It’s a quiet final session for the week in Asia, although the kiwi has been able to claw back some lost ground against the euro and US dollar. Though today’s messily gains for the commodity currency haven’t made much of dent in EURNZD’s massive six-week rally. Since the 22nd of April, which is when the RBNZ sparked a large sell-off in the kiwi, EURNZD has risen over 11%, which is a lot in the FX world. In fact, at its highest point the rally was around 2,000 pips, undoing most of the pair’s weakness in late 2014 and early 2015.
A brief history of recent NZD weakness and why next week’s policy meeting at the RBNZ is so important
The thing that really sparked the kiwi’s recent slide was the notion that the RBNZ may be looking to cut interest rates. This was brought to the forefront of investor sentiment by RBNZ Assistant Governor McDermott when he stated that the bank isn’t considering hiking interest rates at this stage and weaker demand and inflation would prompt rate-cut talk. This was followed by a string of softer than expected economic indicators from NZ and a more dovish stance from the RBNZ, increasing the likelihood that the RBNZ will move to lower the official cash rate.
The RBNZ’s next policy meeting is next Thursday and the market is split on whether the bank will move to loosen monetary policy. Current pricing in the OIS market indicates that there’s around a 45% chance that the official cash rate in NZ will be lowered by 25 basis points, up from a 15% chance at the beginning of May – the bank’s last policy meeting was on April 30. According to a recent survey from Bloomberg, 6 of 14 economists surveyed expected the RBNZ to lower the cash rate next week and nine of those same economists expected the bank to lower the OCR to 3% by year end, from 3.50% presently. This is a big weight for the NZ dollar to carry, considering it wasn’t too long ago that the RBNZ was hiking interest rates.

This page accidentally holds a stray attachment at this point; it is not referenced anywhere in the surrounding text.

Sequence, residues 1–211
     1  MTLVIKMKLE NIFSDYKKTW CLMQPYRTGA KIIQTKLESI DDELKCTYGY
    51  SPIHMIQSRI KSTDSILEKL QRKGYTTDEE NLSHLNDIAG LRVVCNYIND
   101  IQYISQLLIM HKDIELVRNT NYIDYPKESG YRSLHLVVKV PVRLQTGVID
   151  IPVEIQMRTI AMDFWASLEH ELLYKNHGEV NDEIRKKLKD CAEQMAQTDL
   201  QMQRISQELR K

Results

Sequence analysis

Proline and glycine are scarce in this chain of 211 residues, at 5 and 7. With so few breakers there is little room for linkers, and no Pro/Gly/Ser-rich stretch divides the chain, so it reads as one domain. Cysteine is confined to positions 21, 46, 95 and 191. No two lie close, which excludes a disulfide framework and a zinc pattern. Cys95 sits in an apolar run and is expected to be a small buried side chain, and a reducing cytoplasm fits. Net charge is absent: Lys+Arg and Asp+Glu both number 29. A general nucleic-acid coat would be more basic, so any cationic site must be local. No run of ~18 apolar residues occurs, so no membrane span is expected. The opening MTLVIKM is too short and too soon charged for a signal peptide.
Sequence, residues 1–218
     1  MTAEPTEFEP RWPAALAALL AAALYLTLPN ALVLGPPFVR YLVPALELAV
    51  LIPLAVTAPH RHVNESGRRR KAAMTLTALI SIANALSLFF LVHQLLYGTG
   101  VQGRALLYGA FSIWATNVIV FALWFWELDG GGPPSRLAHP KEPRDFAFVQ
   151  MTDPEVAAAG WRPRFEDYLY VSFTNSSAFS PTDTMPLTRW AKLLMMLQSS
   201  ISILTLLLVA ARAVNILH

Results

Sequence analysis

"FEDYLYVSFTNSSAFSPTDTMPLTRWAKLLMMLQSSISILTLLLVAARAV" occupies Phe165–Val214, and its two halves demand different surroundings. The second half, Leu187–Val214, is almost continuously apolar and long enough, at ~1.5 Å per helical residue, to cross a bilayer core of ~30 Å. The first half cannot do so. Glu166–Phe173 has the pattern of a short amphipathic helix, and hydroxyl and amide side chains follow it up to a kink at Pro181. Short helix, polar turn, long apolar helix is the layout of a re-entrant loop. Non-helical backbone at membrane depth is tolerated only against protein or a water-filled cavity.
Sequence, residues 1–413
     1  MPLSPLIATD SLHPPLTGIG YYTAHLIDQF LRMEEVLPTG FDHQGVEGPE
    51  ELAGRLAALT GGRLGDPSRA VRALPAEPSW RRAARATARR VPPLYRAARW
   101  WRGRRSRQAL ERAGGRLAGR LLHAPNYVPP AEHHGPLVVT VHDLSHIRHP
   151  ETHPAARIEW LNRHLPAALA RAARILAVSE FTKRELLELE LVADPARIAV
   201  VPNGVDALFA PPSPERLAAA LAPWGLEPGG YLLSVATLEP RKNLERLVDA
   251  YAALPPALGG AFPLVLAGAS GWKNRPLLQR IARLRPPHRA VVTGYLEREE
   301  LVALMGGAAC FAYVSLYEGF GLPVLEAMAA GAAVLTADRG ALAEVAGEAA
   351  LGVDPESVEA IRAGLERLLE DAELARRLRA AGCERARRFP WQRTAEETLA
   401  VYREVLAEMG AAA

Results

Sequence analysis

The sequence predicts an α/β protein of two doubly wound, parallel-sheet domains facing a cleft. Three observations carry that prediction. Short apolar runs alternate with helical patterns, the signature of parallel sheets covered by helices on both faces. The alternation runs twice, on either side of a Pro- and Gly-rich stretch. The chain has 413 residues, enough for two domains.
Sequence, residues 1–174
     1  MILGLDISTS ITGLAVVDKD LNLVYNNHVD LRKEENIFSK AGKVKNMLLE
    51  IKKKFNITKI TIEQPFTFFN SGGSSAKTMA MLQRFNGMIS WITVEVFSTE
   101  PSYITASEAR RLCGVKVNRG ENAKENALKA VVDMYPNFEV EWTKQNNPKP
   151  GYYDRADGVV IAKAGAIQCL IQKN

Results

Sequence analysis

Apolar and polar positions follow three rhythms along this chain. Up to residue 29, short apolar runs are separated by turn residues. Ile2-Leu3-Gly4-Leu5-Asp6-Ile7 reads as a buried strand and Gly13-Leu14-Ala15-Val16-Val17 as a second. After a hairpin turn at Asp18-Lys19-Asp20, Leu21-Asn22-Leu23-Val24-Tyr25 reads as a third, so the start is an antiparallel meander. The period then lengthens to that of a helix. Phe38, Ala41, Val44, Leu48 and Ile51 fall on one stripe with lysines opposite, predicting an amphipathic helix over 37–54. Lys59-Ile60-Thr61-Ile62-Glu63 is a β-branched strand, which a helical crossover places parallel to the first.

The EUR’s redemption
All of a sudden the situation in Europe isn’t looking so dire. There’s been rebound in sentiment regarding the possibility of a Grexit and, more importantly, a steady recovery in the eurozone’s inflation outlook. The latter has been represented by a rebound in German bund yields recently and is the main factor pushing the euro higher as the market’s expectations for the duration of ECB QE is tightened.
The outlook of EURNZD is heavily dependent on the factors that have underpinned this latest rally; the possibility of looser momentary policy in NZ and an improving inflation outlook in the eurozone. On the upside, we’re keeping a close eye on 1.6000 and then 1.6200, both of which are important long-term resistance zones for the pair. However, there are some technical indicators that suggest price may be due for a correction in the medium-term, in which case there’s a lot of room for further downside towards 1.54/55.